You’re driving along on your way to do errands, or work, maybe to the gym, or to pick up the grandkids and—bam, it hits you—that overwhelming gnawing hunger. The next thing you know, you’re pulling into a drive through and ordering up a storm. Isn’t it fascinating (and frustrating) how the “I have to eat now!” feeling can hit even if you’ve been making good nutrition a top priority? Experts are discovering that when you eat, what your food tastes like, and even how much you drink can have a major impact on how often hunger pangs strike.
Leading nutritionists were asked to share the five most common reasons all of us are frequently famished, as well as their top tips for maximizing satisfaction and keeping hunger at bay.
1. You eat the right foods at the wrong times.
“Eating at different times every day can make it difficult for you to tune in to your body’s hunger signals,” says Cindy Moore, MS, RD, director of Nutrition Therapy at the Cleveland Clinic. Haphazard eating can hurt your metabolism as well. When British researchers asked women to eat meals at either the same time or at different times each day, those who followed a predictable pattern ate less and burned more calories than those who ate at a different time every day.
The Fix: Plan ahead.
Reviewing and making note of what triggers you to eat helps you zero in on when you’re most likely to fall prey to eating at erratic times. (If you haven’t been tracking your food consistently, try doing so for a few days.) Then, says Moore, “create a schedule that focuses on eating within 2 hours of waking up and every 3 to 5 hours after that for the rest of the day. If you tend to lose track of time, set your watch or digital organizer to beep when you should eat.”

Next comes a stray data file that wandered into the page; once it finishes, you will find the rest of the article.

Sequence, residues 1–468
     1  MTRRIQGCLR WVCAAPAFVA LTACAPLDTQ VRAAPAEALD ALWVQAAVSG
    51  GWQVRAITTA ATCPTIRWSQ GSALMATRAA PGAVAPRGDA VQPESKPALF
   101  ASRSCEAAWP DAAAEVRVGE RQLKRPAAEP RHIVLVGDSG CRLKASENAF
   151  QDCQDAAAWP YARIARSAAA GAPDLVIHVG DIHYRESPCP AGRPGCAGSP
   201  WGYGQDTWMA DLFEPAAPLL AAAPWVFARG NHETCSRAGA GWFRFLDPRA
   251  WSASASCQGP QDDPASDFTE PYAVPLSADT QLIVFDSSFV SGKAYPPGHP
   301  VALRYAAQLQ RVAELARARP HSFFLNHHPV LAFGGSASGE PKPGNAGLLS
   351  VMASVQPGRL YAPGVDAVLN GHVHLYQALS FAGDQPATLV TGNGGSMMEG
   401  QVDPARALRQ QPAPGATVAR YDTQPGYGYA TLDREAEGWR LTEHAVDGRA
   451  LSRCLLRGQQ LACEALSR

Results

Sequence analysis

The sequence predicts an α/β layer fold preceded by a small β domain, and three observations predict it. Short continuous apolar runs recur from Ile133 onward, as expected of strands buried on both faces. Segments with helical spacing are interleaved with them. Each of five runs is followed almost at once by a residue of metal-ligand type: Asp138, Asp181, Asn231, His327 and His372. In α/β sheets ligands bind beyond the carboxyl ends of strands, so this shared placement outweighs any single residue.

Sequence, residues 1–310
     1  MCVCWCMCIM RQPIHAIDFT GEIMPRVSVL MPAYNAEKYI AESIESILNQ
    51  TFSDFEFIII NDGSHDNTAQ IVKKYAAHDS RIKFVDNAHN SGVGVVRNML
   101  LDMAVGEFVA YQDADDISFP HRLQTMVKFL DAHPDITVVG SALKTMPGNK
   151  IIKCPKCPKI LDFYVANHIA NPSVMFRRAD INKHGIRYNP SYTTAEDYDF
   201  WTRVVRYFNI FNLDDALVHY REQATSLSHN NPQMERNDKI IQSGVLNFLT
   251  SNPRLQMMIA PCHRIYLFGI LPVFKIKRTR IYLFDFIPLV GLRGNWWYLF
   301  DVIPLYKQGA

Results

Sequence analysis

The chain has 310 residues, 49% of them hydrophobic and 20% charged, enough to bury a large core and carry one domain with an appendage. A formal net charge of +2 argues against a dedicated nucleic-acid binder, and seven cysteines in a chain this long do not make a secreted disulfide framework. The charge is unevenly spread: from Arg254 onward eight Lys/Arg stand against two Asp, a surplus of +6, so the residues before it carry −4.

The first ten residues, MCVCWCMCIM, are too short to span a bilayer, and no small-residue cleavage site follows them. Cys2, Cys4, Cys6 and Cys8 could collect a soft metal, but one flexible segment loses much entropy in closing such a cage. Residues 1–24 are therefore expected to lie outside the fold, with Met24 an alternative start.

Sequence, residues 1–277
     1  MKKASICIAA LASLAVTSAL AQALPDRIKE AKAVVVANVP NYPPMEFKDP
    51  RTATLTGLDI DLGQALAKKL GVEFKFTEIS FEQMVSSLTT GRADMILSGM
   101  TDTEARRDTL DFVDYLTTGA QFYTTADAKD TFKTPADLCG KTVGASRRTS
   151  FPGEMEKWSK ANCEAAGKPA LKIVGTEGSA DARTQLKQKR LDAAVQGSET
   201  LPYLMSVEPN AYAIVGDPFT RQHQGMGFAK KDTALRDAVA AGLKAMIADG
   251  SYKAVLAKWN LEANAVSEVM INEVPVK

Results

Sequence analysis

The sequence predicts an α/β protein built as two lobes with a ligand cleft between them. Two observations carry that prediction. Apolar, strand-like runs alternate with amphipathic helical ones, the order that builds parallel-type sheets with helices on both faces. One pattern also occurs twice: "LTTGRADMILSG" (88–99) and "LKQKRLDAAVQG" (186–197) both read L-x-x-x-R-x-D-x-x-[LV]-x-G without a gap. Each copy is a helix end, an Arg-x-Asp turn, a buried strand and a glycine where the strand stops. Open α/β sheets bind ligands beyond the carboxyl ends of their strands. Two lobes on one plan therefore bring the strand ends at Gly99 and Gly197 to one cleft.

2. You eat breakfast, just not the right kind.
Although any breakfast is better than none, the foods you choose can have a major impact on how satisfied you feel for the rest of the day. Take that convenient cereal bar: it might appear to be a healthy choice when you don’t have time for a sit-down meal, but its mega-dose of simple sugars may have you rummaging through the fridge well before lunch.
The Fix: Build a better mix of nutrients.
The key to making your breakfast hold your appetite at bay until lunch is building a morning meal that contains both protein and carbs. “It’s important to combine some protein along with some complex carbohydrates to provide sustained energy throughout the morning,” says Bonnie Taub-Dix, MA, RD, a Long Island–based dietitian in private practice. Opt for no-fuss choices like a slice of cheese on whole-wheat bread, egg whites on toast, whole-grain cereal with low-fat milk, even half a turkey sandwich.
3. Your diet is flawless but flavorless.
If grilled chicken and steamed veggies are staples on your dinner plate, you could be headed for trouble. “If you don’t switch up your menu, you’re going to get bored and eventually have difficulty sticking with your weight-loss plan,” says Lona Sandon, MEd, RD, assistant professor of clinical nutrition at the University of Texas Southwestern Medical Center in Dallas.
The Fix: Spice it up.
Getting creative in the kitchen will give your stand-by recipes new life—and keep you more satisfied in the long run. “Experiment with fresh, flavorful herbs, like basil, gingerroot, oregano, and mint,” suggests Moore. Also, adding acidity (a dash of lemon juice or balsamic vinegar) and sweetness (a teaspoon of honey or brown sugar) can make your staple dishes more complex in taste—and more satisfying.
4. You stockpile your calories.
Do you often eat so sparingly during the day that by the time dinner rolls around you’re famished? That strategy can backfire, leading to uncontrollable overeating in the evening.
The Fix: Frontload those calories.
Eating earlier in the day is a must to head off disaster later on. Limit the size of your evening meal so that you wake up eager for breakfast. Even if you’re not hungry, be sure to eat something—even a small bite. “Treat yourself the way you’d treat your kids – you wouldn’t let them skip meals,” says Taub-Dix.
5. You drink your meals.
With the ever-increasing popularity of lattés for breakfast and smoothies for lunch, many of us are drinking our calories away. But drinking too many caloric beverages can ultimately leave you feeling unsatisfied.
The Fix: Rethink convenience.
Slurping down a meal might seem fast and easy, but in the time it takes to drive to the coffee shop, stand on line, and pay for that latté, you could have had something just as quick—and far more satisfying. Try a slice of toast with peanut butter or a cup of yogurt with some fruit.
*Portions of the article excerpted from: www.weightwatchers.com By Karen Ansel, M.S., R.D.